RS: A big metal thing that gets really hot, it’s not high efficiency. If it’s got plastic coming off the top like PVC or ABS…

 

TM: White pipes or something…

 

RS: Something used for a drain, it’s high efficiency. It’s condensing. Another term for that is 90 Plus. It’s at least 90% efficient or more. And it means that it removes so much heat from the exhaust gas that you’re left with a bunch of moisture, and to handle that moisture, you need a drain pipe.

 

BO: There you go.

 

BP: Learning something new.

 

BO: Broken down right to the facts you need to know. Awesome. Well, Breanna, is there anything else you wanna throw on here? We’re getting short on time, I could ask 40 more questions, but, our podcast would end up being three hours long.

 

TM: Just to jump in real quick, there are a couple of questions: One, what can we tell homeowners that are asking, what do I need to do to prepare for a TISH, when they ask us? Is there any good information or… What can we tell them?

 

BP: Sure. So our… On the Our City Minneapolis web page we actually have a truth in housing page dedicated to just a lot of that information. Have some documents that specifically talk about common repairs that might be called out, or just kind of how the evaluation is done. Why do we do this? All that kind of stuff. It’s got a little bit about the energy disclosure. We actually have a Frequently-Asked-Questions document to give them some information. It provides additional information, it provides our contact information for our office. You can always call us, we are always happy to answer any questions. You can email, we’re available Monday through Friday during the day, and we’re happy to help anybody out with concerns, questions, thoughts…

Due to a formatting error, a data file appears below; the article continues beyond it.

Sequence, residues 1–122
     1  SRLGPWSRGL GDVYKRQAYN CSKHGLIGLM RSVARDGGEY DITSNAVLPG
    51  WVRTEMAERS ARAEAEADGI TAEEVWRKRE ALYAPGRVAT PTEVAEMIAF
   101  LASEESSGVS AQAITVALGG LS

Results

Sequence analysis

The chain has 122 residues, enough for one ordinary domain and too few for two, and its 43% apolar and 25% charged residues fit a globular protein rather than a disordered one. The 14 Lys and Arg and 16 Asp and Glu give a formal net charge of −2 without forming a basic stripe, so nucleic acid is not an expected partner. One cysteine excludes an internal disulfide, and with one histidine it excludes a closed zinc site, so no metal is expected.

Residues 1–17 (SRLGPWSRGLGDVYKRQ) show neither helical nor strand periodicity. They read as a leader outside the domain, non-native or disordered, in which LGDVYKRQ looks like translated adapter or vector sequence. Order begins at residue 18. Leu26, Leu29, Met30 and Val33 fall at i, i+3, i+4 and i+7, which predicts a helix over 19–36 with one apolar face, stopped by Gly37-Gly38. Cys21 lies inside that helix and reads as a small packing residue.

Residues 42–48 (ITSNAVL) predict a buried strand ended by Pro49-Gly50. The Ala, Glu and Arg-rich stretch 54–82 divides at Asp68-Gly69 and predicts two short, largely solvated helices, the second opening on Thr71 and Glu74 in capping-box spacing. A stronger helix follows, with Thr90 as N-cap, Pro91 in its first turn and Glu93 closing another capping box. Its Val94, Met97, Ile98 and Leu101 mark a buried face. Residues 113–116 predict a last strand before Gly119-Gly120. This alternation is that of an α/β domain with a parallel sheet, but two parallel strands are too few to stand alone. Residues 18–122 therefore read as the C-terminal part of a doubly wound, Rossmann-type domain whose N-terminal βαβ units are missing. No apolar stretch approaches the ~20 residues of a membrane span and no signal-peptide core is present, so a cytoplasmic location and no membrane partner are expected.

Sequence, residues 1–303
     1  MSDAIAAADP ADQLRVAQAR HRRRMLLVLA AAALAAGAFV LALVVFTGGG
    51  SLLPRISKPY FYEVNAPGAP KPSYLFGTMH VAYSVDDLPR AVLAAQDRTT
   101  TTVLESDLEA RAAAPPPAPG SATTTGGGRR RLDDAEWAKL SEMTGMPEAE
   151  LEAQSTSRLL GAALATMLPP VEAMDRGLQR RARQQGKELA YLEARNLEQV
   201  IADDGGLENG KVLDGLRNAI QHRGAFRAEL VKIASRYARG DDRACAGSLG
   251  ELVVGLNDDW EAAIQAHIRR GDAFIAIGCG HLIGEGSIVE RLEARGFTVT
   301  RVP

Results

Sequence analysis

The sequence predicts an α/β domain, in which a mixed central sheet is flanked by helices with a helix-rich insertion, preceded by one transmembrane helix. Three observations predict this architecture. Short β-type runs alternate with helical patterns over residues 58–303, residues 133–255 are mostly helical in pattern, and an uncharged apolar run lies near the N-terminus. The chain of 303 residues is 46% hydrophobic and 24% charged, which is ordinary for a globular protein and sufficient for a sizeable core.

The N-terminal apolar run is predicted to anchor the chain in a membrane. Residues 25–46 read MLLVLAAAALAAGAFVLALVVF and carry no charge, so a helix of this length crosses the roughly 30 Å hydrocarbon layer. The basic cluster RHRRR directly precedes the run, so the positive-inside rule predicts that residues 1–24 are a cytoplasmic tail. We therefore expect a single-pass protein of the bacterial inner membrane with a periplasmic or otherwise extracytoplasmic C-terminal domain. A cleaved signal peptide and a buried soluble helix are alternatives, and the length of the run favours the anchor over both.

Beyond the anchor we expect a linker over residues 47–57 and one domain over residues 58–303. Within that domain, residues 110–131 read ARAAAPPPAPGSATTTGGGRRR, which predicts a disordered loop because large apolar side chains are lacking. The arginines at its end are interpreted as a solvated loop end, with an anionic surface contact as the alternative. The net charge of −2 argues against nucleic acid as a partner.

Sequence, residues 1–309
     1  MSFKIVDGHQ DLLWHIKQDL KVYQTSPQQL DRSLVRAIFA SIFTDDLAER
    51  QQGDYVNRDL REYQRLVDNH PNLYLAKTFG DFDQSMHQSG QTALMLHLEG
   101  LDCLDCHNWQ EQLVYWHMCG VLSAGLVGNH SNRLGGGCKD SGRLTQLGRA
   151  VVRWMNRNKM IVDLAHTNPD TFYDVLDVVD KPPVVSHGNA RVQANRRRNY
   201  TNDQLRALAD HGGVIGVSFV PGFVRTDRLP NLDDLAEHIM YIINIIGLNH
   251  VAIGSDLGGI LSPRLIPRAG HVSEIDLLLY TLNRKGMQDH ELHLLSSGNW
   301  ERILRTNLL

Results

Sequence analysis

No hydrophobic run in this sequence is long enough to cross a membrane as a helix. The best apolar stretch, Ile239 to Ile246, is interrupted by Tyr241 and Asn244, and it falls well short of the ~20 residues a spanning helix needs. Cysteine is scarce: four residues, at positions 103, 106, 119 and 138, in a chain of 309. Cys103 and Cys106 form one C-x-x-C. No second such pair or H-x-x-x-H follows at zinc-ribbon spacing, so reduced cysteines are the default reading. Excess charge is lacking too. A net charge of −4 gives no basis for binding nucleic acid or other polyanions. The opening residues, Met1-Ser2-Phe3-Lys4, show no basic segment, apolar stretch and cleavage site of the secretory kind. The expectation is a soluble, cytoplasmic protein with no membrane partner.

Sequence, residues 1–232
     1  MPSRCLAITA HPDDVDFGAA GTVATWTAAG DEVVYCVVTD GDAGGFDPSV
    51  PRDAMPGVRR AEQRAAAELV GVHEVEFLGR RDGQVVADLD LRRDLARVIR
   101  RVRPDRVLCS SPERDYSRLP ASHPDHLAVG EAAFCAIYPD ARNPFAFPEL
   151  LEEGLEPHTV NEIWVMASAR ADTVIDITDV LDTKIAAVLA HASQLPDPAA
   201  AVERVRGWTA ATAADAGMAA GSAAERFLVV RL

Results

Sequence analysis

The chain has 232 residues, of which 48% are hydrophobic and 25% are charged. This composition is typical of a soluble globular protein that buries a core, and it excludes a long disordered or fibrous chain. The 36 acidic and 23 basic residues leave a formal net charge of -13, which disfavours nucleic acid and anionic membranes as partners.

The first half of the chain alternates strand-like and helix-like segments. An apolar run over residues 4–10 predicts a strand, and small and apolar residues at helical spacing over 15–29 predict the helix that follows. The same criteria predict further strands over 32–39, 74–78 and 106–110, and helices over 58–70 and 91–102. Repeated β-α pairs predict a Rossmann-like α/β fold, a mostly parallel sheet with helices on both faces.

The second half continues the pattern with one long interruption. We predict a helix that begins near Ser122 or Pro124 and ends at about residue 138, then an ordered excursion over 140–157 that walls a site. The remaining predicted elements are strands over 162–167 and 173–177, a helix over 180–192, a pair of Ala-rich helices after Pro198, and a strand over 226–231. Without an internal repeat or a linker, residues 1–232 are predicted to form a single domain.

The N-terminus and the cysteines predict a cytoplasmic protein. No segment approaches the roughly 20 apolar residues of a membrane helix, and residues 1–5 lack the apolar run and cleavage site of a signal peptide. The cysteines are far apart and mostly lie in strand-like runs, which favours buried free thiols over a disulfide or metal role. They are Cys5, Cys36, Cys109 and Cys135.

RS: And, I’ve got something to tack on there for any of our clients or… Well, if you’re one of our clients or not, if you’re getting ready to sell a house in Minneapolis, you guys have got a fantastic one-page thing for how to get ready for your TISH that you mentioned. And, I have gone through… And for all the ones where people had any trouble with it, they’re like “Wait, the toilet fill valve needs to be adjusted to this, what do I do? And nobody could figure this out.

 

RS: And over the last 12 years or so, I’ve written blog posts on everything that is difficult to understand on that list. And then I’ve put together my own one page list, and I listed all… Well, the stuff that we most commonly call out, along with hyperlinks to blog posts that I’ve written where I’ve got videos showing you how to fix this stuff. So… And this is… That’s a one-page document that we send all of our clients at the time that we book the Truth in Housing. So anytime somebody books a Truth in Housing with us…

 

TM: That’s great information.